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Genetic disorder of copper metabolism beginning before birth. Copper accumulates in excessive amounts in the liver and is deficient in most other tissues of the body. Structural changes occur in the hair, brain, bones, liver, and arteries. Other clinical features include spontaneous hypothermia, severe developmental delay, loss of early development skills, and seizures. Spontaneous subdural hematoma and/or rupture or thrombosis of arteries in the brain may occur. Spastic dementia may eventually arise. Osteoporosis as a result of abnormal copper metabolism can result in pathologic fractures. The combination of subdural hematoma and bone fractures may lead to an incorrect diagnosis of child abuse. Emphysema, bladder abnormalities, degeneration of the retina, and cysts of the iris have been described.

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Kinky Hair Disease; Steely Hair Disease; X-Linked Copper Malabsorption; Trichopoliodystrophy.

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Neurodegenerative and connective tissue disorder first described by John H. Menkes, an American neuropediatrician, in 1962.

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In the early 1970s, an incidence of 1:35,000 male births was suggested. However, in the 1980s, this frequency was reviewed at 1:90,000 live births. Finally, most agree that the incidence is estimated at 1:50,000-100,000 live births.

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X-linked recessive. Caused by mutation in the gene encoding the Cu2+-transporting ATPase α-polypeptide. Gene map locus is X-q12-q13.

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Defective coding for an intracellular copper-transporting protein called the human Menkes protein (MNK or ATP7A), which travels between the Golgi apparatus and the cell membrane, transporting copper to the exterior of the cell. Defective MNK prevents proper intestinal absorption of copper. Resultant free-copper deficiency affects function of copper-dependent enzymes such as cytochrome oxidase, tyrosinase, and lysyl oxidase, which results in symptoms and signs of disease.

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Menkes syndrome should be considered in any male infant with unexplained seizures, hypothermia, and mental retardation. Hair changes (stubby, tangled, sparse, steely, or kinky hair that is easily broken), low serum copper and ceruloplasmin concentrations, and radiologic findings are characteristic. Copper levels are elevated in fibroblasts and the placenta. Carrier status for the abnormal gene can usually be determined by microscopic examination of multiple hairs from scattered scalp sites for pili torti (twisted hair). Prenatal diagnosis is available (DNA probe).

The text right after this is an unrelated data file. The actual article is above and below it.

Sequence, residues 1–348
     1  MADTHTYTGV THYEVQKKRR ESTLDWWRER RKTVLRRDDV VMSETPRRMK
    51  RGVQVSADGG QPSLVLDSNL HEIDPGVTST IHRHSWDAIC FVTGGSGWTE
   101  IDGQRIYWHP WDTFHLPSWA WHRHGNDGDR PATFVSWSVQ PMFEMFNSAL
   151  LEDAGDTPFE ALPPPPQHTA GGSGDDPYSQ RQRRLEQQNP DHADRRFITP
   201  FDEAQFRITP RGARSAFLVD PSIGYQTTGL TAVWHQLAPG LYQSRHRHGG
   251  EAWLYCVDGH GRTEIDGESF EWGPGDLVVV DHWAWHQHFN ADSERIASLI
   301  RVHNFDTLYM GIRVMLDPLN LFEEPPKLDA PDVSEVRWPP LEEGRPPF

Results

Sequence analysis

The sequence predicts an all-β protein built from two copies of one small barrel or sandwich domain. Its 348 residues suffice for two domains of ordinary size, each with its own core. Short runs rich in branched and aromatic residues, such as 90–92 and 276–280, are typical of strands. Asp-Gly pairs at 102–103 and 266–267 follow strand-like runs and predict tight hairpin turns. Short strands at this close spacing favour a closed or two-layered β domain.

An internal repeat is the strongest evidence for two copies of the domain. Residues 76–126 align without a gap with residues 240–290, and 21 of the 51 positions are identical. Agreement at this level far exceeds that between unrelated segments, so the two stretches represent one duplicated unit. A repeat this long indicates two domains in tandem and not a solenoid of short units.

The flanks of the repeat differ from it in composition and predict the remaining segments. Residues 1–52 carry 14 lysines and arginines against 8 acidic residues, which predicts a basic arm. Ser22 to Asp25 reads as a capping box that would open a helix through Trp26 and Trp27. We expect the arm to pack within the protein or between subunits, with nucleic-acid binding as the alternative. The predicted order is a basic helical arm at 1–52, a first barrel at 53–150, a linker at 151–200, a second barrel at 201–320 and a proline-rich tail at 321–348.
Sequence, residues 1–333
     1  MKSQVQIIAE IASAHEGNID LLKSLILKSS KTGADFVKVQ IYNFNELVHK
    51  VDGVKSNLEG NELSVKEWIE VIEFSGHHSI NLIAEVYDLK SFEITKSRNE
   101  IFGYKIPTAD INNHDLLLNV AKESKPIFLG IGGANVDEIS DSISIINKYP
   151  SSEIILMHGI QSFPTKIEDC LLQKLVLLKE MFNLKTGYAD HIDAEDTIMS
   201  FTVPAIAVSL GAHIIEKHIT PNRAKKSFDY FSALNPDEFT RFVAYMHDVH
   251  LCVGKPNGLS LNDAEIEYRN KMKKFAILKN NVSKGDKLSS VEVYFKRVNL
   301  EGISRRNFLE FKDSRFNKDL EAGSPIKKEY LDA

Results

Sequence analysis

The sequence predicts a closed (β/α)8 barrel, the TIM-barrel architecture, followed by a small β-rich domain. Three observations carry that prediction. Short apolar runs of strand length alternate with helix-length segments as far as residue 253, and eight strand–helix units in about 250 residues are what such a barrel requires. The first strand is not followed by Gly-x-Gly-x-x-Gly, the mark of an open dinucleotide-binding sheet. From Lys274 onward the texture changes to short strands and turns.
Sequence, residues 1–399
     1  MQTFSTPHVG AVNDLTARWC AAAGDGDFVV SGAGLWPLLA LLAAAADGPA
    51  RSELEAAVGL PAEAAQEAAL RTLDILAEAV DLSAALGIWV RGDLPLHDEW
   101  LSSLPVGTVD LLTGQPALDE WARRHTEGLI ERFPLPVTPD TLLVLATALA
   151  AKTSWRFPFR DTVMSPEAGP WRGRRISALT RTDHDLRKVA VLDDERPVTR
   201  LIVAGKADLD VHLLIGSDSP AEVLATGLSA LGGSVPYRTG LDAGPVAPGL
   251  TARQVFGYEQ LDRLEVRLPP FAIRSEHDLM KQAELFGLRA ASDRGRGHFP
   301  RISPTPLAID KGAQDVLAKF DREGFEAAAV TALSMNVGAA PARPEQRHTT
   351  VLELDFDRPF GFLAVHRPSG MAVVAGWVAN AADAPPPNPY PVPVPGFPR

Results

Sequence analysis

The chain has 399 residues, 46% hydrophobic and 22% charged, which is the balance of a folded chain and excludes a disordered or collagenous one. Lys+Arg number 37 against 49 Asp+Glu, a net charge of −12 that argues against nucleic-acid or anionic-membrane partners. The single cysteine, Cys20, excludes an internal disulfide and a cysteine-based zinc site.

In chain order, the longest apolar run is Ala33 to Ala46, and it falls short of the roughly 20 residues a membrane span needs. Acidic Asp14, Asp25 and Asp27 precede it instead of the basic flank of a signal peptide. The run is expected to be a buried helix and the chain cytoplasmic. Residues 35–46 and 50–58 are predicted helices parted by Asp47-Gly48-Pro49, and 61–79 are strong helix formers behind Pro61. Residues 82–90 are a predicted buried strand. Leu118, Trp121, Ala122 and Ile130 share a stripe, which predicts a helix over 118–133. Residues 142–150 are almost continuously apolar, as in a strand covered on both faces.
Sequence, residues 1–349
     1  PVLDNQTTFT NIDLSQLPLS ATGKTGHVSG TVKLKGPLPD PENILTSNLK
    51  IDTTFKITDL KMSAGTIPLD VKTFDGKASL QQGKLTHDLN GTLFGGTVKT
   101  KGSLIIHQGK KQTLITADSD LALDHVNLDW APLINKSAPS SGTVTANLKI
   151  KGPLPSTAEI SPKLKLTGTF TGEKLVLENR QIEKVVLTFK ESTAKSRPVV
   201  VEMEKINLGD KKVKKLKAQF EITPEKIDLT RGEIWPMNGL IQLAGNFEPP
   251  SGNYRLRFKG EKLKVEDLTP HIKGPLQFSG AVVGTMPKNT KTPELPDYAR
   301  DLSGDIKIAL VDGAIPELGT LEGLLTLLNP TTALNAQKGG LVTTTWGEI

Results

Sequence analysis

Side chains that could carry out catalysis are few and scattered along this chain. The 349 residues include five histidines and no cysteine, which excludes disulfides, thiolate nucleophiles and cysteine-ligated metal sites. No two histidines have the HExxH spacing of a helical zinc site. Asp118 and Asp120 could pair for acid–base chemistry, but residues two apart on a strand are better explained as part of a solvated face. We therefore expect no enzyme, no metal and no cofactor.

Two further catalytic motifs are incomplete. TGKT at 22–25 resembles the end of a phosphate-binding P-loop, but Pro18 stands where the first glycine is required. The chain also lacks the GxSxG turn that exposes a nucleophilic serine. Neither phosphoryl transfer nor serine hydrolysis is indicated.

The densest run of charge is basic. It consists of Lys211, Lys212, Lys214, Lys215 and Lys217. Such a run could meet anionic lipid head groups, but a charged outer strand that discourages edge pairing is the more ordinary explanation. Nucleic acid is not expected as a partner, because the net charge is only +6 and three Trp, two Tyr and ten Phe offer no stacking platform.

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In the classic form, the disease starts before age 3 months by loss of neurologic development (hypotonia progressively evolving to spasticity), severe seizures, and subdural hematoma. Patients manifest hypopigmentation, growth failure, skeletal defects, arterial aneurysms, and progressive cerebral and cerebellar degeneration. Myoclonic seizures and hypothermia are frequent. Fragile steely depigmented (grayish or ivory colored) hair is present in the newborn period; they appear as pili torti at microscopic examination. Typical facies consist of frontal or occipital bossing, abnormal or absent eyebrows, pudgy cheeks with sagging jowls, micrognathia, and pallor. Characteristic radiographic changes include wormian bones in lamboid and sagittal sutures, anterior rib flaring, spur formation on the femoral and humeral metaphysis, and osteoporosis. Arteriography shows elongation, tortuosity, narrowing, and dilatation of cerebral, visceral, and limbs arteries. Gastroesophageal reflux and recurrent aspiration ...

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